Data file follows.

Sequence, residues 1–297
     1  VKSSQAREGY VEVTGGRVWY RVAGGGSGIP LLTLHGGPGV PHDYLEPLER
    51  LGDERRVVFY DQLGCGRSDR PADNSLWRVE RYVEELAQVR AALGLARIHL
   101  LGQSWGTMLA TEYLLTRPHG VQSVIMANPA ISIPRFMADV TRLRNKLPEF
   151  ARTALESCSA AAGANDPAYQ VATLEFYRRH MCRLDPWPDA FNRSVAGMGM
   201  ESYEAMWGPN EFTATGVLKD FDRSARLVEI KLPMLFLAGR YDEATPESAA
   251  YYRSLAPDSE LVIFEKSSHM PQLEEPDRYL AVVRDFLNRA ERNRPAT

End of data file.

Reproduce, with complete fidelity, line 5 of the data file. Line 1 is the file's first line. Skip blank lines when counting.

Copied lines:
   151  ARTALESCSA AAGANDPAYQ VATLEFYRRH MCRLDPWPDA FNRSVAGMGM